Published on 27 Jun 2022.
RAM Ratings has assigned a long-term rating of A3/Stable to Bank Islam Malaysia Berhad’s (the Bank) proposed RM5 bil Additional Tier-1 Capital Sukuk Wakalah (AT-1 Sukuk), as listed in Table 1.
Since our last review in December 2021, Bank Islam’s credit metrics have stayed intact. Asset quality ratios continue to fare better than the banking system’s despite the impairment of a lumpy corporate exposure late last year. The Bank’s gross impaired financing (GIF) ratio edged up to 1.0% as at end-March 2022 (end-December 2020: 0.7%; banking system: 1.6%) while financing loss coverage was around 181%.
Meanwhile, financing under relief reduced to 4.6% as at end-March 2022 (end-December 2021: 40%). Defaults will likely crop up as customers wean off financial reprieve measures and resume normal repayments, although GIF formation will be partly mitigated by the Bank’s sizeable portion (above 60%) of consumer financing with non-discretionary salary deduction or salary transfer arrangements. We further believe that Bank Islam’s sturdy provisioning and capital buffers (common equity tier-1 capital ratio of 14.0%) will provide sufficient headroom against potential credit weakening. The ratings also consider ready financial support from the Bank’s ultimate major shareholder, Lembaga Tabung Haji (effective stake of 48.3%), if necessary.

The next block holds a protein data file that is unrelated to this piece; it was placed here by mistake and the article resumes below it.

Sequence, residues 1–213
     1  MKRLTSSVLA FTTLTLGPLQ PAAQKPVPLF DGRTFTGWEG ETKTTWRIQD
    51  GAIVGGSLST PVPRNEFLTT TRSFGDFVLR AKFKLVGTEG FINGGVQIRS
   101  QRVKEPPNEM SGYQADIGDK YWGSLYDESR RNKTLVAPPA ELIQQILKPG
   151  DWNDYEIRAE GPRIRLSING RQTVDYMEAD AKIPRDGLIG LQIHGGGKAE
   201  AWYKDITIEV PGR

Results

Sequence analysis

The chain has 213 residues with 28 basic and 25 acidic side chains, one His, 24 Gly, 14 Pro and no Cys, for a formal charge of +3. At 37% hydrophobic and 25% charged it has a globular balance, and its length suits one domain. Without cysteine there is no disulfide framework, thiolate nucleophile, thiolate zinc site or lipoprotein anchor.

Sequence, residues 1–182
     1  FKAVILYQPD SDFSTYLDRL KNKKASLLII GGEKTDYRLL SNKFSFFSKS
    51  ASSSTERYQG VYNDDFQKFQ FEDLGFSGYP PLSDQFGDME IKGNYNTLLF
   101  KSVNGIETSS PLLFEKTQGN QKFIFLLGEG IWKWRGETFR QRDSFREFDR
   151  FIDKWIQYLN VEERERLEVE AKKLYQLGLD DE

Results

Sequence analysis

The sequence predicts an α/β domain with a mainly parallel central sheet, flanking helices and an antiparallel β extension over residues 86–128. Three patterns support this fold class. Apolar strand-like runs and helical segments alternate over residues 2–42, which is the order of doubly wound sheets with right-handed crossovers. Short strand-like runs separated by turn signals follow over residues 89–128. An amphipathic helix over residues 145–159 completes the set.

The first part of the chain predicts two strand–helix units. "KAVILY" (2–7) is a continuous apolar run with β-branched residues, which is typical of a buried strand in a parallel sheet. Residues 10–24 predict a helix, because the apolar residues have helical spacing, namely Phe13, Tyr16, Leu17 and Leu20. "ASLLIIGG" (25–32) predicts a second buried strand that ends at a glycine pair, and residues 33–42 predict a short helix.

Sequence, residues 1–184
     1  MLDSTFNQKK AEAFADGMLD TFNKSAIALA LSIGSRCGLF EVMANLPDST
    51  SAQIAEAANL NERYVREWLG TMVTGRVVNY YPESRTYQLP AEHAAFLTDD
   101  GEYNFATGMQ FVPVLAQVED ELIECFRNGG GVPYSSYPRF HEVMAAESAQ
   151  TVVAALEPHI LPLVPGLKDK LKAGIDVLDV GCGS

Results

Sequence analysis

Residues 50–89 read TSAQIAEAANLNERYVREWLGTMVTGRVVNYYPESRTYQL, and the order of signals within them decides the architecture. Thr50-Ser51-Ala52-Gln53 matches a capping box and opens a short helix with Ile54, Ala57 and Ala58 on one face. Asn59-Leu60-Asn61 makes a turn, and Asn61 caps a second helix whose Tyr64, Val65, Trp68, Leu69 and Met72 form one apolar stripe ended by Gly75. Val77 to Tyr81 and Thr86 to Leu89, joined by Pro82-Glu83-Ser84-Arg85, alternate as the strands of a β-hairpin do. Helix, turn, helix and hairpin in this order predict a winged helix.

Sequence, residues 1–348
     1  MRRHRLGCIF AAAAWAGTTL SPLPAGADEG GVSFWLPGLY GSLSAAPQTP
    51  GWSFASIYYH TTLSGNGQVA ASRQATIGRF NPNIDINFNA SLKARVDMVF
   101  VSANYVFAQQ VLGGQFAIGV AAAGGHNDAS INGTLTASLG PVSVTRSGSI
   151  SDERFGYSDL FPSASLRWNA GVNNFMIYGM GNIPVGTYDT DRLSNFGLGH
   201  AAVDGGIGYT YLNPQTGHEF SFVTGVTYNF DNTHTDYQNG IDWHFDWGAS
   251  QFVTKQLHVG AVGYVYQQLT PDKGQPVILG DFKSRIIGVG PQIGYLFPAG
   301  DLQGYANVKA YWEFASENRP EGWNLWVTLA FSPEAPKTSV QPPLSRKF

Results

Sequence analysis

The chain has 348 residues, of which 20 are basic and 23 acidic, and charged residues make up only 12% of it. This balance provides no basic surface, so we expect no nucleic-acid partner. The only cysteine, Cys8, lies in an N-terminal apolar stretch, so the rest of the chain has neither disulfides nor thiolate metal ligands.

Bank Islam’s earnings for 2021 were affected by higher operating expenditure as well as more subdued investment and trading income. Pre-tax profit fell 3% to RM704.2 mil in fiscal 2021, resulting in a lower return on risk-weighted assets ratio of 1.6% (fiscal 2020: 1.8%). While dampened, the Bank’s profitability is still deemed sound, upheld by a wide net financing margin (NFM). Bank Islam’s NFM was broadly stable, hovering around 2.3% in fiscal 2021 and 1Q fiscal 2022 (annualised), thanks to a high share of lucrative personal financing (~30%) and proactive management of the Bank’s liability profile. We expect the NFM to benefit from the recent 25-bp overnight policy rate hike and the likelihood of another increase in 2H 2022, given that more than 90% of the Bank’s financing are floating rate facilities. Margin expansion however could be partially stifled by keener deposit competition.
Proposed RM5 bil Additional Tier-1 Capital Sukuk Wakalah
RM1 bil Subordinated Sukuk Murabahah Programme (2015/2045)
RM10 bil Sukuk Murabahah Programme (2018/-)
Chow Kah Mun
(603) 3385 2501
Wong Yin Ching, CFA
(603) 3385 2555
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Ratings on Bank Islam Malaysia Berhad